Originally conceived as a pilot’s watch when it was created over a century ago – as one of the first-ever wristwatches in fact – the Santos is not even remotely sporty in the modern sense of the term. Instead the Santos is an elegant watch that is quintessential Cartier.
Earlier this year, the Parisian jeweller recently gave its trademark square watch a bold makeover when it debuted the Santos-Dumont Large Model Lacquered Case. Featuring a bezel and case covered in lacquer, the new Santos-Dumont was unexpected and certainly one of the most intriguing iterations of the models to date, yet it easily feels like quintessential Cartier.
The lacquered Santos-Dumont is an achievement given that the original is so established, perhaps the bestselling square watch in history. Though the case is inspired by a vintage Santos with a lacquered bezel dating from the 1920s, the new Santos-Dumont still feels satisfyingly original. It obviously reimagines a familiar design, one so familiar it might have even become tired, but manages to translates it into something entirely different.
In fact, the lacquered Santos-Dumont stands apart not only from earlier Santos models but also the competition. While brightly-coloured dials are now common for dress watches, the same cannot be said of the case. As a result, this is one of the most interesting Cartier watches from a design perspective, which is an achievement, especially since the Santos has been around for so long.
While I appreciate traditional Cartier designs for their grace, such vintage-inspired pieces don’t offer much in terms of innovation or novelty. That isn’t a criticism per se, such designs are meant to resemble the originals after all, but the many iterations of an old design does diminish the appeal of the latest model.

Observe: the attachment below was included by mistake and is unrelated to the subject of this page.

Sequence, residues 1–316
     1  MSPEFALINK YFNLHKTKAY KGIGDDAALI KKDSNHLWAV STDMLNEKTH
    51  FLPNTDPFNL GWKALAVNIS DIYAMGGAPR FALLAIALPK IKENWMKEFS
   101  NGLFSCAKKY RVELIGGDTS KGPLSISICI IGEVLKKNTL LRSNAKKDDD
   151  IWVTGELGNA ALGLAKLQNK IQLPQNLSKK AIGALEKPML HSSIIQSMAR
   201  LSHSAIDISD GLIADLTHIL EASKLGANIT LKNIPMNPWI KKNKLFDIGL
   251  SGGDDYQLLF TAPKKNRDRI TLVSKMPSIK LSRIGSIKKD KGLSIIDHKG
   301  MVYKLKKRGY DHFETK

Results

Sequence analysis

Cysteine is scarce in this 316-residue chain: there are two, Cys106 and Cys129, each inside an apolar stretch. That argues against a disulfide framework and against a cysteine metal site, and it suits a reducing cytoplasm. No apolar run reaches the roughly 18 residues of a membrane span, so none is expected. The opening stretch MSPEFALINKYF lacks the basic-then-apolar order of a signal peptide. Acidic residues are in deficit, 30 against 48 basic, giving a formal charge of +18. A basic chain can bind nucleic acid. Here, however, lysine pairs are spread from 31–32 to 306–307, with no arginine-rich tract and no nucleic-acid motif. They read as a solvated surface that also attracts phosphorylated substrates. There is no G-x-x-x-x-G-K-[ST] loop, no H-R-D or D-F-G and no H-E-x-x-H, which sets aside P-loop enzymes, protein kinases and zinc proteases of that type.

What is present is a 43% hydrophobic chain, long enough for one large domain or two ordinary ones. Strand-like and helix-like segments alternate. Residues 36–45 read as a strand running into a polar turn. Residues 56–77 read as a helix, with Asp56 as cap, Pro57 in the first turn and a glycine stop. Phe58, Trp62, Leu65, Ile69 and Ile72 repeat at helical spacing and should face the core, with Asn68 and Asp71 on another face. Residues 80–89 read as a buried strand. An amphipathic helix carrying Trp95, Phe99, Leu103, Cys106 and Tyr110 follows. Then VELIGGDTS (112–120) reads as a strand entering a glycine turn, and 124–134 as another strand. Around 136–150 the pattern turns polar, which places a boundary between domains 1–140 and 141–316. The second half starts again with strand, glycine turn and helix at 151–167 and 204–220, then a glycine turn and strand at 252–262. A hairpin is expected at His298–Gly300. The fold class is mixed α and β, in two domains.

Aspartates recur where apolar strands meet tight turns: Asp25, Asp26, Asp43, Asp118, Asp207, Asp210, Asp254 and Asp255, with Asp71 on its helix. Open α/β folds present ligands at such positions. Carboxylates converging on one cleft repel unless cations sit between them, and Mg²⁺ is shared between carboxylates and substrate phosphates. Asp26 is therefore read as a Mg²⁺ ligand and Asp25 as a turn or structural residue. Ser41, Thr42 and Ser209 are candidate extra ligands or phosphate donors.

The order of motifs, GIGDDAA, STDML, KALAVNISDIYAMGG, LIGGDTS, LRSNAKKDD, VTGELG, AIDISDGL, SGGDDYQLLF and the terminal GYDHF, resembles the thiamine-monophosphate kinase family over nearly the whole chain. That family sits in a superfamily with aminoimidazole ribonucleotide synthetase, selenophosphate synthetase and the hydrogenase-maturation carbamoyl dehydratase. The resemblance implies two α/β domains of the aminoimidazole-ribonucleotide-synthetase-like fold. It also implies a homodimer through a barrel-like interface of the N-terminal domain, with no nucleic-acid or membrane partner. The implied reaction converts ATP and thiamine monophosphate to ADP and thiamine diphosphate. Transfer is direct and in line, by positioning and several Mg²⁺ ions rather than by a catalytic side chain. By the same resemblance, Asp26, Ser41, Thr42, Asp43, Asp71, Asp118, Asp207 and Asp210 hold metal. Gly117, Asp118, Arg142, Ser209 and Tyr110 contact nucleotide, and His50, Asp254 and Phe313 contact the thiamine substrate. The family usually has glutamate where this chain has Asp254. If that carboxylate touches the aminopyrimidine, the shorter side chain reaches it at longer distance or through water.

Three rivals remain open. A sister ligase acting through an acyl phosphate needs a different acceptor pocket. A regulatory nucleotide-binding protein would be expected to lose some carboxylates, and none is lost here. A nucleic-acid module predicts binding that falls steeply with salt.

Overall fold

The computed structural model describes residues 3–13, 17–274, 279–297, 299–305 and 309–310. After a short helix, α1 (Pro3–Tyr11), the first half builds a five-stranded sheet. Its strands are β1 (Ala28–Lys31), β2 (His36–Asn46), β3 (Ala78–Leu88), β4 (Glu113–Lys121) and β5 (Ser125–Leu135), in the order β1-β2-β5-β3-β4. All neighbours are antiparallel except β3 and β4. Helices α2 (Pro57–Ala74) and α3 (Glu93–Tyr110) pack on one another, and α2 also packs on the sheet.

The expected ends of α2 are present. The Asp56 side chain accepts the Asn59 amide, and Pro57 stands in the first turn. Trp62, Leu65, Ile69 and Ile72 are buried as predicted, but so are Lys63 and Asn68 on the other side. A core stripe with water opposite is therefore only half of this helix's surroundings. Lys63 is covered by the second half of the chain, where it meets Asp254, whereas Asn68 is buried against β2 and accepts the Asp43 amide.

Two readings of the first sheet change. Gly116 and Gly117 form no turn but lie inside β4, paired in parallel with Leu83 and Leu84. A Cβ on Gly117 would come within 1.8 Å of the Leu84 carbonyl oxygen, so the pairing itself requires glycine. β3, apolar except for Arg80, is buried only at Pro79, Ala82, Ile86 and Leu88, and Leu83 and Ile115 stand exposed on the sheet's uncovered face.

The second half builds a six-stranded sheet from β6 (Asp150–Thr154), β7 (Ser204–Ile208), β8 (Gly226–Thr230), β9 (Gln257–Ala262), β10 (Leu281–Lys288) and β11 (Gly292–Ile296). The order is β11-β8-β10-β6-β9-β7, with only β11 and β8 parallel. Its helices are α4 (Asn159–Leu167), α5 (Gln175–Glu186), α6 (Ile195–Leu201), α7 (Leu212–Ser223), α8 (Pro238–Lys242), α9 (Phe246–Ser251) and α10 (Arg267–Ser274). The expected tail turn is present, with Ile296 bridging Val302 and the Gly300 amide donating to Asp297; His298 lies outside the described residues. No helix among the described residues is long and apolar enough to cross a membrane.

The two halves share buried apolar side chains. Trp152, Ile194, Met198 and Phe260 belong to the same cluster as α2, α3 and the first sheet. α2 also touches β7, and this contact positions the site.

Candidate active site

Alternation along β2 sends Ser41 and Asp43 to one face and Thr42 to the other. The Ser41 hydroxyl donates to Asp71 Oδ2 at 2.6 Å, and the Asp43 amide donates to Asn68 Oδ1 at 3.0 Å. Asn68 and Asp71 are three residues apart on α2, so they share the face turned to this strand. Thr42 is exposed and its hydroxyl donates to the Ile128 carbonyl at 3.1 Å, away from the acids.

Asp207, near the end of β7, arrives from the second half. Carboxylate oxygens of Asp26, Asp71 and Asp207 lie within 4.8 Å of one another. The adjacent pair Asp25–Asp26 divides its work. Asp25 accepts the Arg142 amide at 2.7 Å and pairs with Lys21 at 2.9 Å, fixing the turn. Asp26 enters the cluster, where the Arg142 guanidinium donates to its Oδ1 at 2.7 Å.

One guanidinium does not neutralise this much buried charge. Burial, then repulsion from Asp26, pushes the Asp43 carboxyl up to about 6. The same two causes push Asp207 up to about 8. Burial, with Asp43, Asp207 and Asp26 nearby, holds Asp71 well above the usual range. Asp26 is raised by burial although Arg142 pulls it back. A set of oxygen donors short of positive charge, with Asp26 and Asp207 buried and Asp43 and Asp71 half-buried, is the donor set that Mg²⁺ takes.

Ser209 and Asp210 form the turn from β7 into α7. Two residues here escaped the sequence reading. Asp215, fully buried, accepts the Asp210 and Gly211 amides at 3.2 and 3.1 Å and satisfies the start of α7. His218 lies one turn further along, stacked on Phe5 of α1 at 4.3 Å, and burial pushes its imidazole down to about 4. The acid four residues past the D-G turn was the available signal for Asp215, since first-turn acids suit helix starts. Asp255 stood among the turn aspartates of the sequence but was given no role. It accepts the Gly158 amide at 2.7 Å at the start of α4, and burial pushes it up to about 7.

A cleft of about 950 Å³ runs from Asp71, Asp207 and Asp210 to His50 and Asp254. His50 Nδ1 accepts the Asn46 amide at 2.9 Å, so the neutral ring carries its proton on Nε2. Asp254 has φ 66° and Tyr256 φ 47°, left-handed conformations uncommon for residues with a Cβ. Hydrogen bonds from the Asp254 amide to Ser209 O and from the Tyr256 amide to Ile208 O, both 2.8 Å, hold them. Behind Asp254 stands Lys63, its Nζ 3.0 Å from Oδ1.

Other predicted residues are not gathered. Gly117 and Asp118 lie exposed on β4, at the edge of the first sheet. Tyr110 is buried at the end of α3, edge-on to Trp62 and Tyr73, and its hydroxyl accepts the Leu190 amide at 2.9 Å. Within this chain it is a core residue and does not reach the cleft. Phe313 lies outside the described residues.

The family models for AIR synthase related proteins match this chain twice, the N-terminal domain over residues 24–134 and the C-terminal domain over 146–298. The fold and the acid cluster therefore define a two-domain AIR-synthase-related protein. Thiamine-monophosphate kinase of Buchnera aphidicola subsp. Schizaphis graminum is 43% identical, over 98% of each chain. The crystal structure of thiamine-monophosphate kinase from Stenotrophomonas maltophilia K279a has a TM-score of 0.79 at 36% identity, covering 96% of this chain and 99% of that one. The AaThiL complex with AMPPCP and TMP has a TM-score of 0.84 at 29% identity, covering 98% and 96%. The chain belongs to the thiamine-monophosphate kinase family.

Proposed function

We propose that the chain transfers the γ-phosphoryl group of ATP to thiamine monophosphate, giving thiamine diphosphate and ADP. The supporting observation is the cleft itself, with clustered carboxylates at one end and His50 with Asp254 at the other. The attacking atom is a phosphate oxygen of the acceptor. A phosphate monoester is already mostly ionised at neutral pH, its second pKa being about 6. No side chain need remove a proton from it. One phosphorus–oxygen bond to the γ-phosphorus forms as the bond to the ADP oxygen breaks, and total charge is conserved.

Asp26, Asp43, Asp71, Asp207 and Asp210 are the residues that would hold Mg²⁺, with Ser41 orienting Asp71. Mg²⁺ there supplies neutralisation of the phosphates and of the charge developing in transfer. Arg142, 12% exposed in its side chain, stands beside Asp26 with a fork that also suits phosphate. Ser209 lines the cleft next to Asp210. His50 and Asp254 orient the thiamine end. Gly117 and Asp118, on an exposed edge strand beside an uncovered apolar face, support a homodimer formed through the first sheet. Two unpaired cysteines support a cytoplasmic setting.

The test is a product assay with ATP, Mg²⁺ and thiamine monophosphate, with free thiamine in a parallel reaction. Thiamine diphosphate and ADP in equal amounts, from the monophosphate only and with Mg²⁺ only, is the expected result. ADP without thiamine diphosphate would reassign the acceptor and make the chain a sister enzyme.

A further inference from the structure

The lacquered models, however, are classical in form but novel in execution, which gives them more character. With the case and bezel unchanged, the trio are evidently old-school Santos, but the lacquered inlays make them special enough to be memorable. In fact, I imagine they will age well and still be fondly remembered a long time from now.
And the pricing certainly adds to the appeal. All three versions cost only slightly more than their non-lacquered equivalents, making each of them a compelling buy within their price category.
Notably, the new Santos-Dumont is offered in stainless steel, which is uncommon for Cartier watches with a special finish or design as those tend to be limited editions. More importantly, the steel version costs under US$6,000, which is good value considering not just the unusual execution but also the ultra-thin, hand-wind Piaget movement inside.
Large but just right
The new case decor, along with the new concentric-cube patterned dial, help distinguish the new model from its more ordinary counterparts in the Santos-Dumont line. In fact, both the case and dial are unique in the brand’s catalogue, though I expect this won’t be the last of either given the strong commercial debut of the model.
A lacquered case, however, isn’t for everyone. Perhaps to cater to as many as possible, Cartier has created three starkly different variants ranging from the most subtle in rose gold and cream to the daring in platinum and burgundy.